Birders: The Central Park Effect | Magic in the Middle of Manhattan

Birders: The Central Park Effect

In spring 2001, when my  husband and I bought our rural home, I felt isolated, like I was living in the middle of nowhere. Until a flock of honking Canadian geese descended on our pond, and then I knew I was somewhere. The birds told me so.

Even for non-birders like me, Birders: The Central Park Effect conveys the little bit of magic that inspires people of all ages and from all walks of life to explore Manhattan’s Central Park in search of Wood Thrushes, Indigo Buntings, Cedar Waxwings, and more than 275 species of birds. Each year, hundreds of New Yorkers and visitors pass through the park’s 835 acres of lawns, woodlands, and waterways, looking upward through binoculars to observe the countless migratory birds whose Atlantic route includes a layover in New York.

The cast of Birders features plenty of fine feathered friends like the Brown Thrasher, American Robin, Common Loon, and Red-Tailed Hawk. It also includes the people who watch them, such as 73-year-old Starr Saphir, who guided Central Park birding tours for decades until she died early this year, leaving stacks of notebooks that document more than 2,500 sightings.

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Birders: The Central Park Effect

Bird enthusiasts report that in spite of it being an un-cool hobby, birding is a nourishing activity that connects them with nature, develops peripheral vision, and cultivates the ability to watch and listen. And veteran birders have a sharpened sense for spotting birds, identifying species and gender (males are more colorful), and for recognizing them by their songs and habits.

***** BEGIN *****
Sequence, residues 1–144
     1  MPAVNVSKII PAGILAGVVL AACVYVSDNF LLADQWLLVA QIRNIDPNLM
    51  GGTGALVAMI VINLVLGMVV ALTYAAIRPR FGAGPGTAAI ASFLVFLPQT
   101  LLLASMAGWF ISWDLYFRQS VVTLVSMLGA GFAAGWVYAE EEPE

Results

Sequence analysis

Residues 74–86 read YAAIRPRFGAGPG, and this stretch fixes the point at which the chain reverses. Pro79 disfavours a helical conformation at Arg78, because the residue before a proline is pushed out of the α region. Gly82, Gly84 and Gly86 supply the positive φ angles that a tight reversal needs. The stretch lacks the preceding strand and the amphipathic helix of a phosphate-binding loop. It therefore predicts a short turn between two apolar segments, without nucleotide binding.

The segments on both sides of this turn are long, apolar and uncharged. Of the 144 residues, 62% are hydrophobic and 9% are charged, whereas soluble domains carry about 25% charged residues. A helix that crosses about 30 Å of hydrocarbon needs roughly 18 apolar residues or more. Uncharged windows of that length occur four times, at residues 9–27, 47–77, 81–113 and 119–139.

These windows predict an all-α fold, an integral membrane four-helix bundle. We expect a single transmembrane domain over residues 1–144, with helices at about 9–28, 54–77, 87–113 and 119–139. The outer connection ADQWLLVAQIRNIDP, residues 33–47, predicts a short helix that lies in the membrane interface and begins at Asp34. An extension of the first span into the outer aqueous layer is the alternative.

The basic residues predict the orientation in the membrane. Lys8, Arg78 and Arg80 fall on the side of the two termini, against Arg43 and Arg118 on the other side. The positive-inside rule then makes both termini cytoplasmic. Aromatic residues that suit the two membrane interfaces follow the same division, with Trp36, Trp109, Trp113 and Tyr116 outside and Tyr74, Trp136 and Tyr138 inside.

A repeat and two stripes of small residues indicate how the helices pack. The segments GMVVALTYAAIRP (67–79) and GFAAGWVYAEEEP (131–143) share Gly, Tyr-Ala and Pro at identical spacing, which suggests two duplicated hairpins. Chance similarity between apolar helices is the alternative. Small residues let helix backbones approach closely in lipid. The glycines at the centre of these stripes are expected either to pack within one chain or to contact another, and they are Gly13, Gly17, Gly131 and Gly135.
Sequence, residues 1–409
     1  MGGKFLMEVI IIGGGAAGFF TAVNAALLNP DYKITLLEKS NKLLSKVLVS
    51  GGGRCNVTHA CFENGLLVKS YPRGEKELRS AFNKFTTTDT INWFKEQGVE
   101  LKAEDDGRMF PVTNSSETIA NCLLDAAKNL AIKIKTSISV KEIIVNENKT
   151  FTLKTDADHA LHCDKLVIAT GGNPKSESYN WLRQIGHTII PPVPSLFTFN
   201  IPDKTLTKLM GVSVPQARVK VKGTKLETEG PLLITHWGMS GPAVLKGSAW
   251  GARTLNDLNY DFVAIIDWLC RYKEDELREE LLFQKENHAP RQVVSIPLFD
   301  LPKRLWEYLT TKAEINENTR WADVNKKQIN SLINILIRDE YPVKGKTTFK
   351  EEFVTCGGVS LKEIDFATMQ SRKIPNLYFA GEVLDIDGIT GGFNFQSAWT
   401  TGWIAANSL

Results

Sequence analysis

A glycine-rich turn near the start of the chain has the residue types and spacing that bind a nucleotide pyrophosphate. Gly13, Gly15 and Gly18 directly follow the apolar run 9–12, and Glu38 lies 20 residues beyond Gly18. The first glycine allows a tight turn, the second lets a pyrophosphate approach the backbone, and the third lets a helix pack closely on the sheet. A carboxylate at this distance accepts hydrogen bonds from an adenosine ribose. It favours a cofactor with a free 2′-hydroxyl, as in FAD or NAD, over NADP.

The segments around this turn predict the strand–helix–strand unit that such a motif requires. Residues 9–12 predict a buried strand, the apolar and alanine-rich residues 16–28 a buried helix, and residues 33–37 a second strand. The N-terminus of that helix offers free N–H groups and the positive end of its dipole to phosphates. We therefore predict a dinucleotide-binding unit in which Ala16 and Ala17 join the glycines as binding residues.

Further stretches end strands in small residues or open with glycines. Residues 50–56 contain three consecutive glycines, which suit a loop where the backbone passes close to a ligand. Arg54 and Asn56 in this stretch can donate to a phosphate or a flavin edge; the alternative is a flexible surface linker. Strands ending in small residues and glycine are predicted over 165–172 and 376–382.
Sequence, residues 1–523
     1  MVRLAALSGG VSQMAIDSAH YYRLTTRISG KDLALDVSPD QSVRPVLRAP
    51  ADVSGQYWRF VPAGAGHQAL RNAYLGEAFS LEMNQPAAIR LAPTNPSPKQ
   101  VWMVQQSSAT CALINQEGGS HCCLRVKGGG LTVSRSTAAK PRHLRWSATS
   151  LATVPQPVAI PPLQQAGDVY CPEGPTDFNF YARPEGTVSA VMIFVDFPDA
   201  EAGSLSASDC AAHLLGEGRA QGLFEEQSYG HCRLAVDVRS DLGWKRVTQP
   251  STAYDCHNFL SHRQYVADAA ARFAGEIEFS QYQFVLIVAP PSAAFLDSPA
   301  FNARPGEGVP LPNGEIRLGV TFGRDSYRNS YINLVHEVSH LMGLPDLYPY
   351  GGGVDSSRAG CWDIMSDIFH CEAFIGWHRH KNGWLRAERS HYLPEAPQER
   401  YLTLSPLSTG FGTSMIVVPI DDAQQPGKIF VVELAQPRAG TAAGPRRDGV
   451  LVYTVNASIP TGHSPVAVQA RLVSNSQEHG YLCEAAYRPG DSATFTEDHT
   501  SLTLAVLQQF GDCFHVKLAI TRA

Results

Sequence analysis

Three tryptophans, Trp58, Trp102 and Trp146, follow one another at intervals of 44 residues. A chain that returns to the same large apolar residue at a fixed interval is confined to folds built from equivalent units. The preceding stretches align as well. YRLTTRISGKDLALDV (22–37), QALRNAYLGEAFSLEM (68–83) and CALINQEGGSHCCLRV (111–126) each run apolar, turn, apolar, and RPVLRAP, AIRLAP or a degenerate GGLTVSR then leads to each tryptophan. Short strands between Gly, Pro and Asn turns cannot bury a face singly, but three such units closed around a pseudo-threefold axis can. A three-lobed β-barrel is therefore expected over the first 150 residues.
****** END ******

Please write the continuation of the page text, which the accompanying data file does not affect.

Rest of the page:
Writer-director Jeffrey Kimball captures the stillness required in observing jays, warblers, and the like, just a few steps away from the noisy urban streets. This peaceful film exudes the quietness and patience that overtakes the birder, like a kind of yoga practice that balances the din of city life with a sense of ease. And by the time the film is over, that same calmness that settles over the birdwatcher surrounds the viewer. Unlike movies fueled by action and suspense, Birders is a refreshing antidote to the daily tension that comes from reading the news headlines or maintaining an overscheduled routine. And if watching the film has a soothing effect, maybe birdwatching is a sensible Rx for a high-speed world that stares at computer monitors. Don’t feel pressured to get out there with your binoculars, just enjoy the show. This short, sweet, and poignant documentary is for everyone.  B+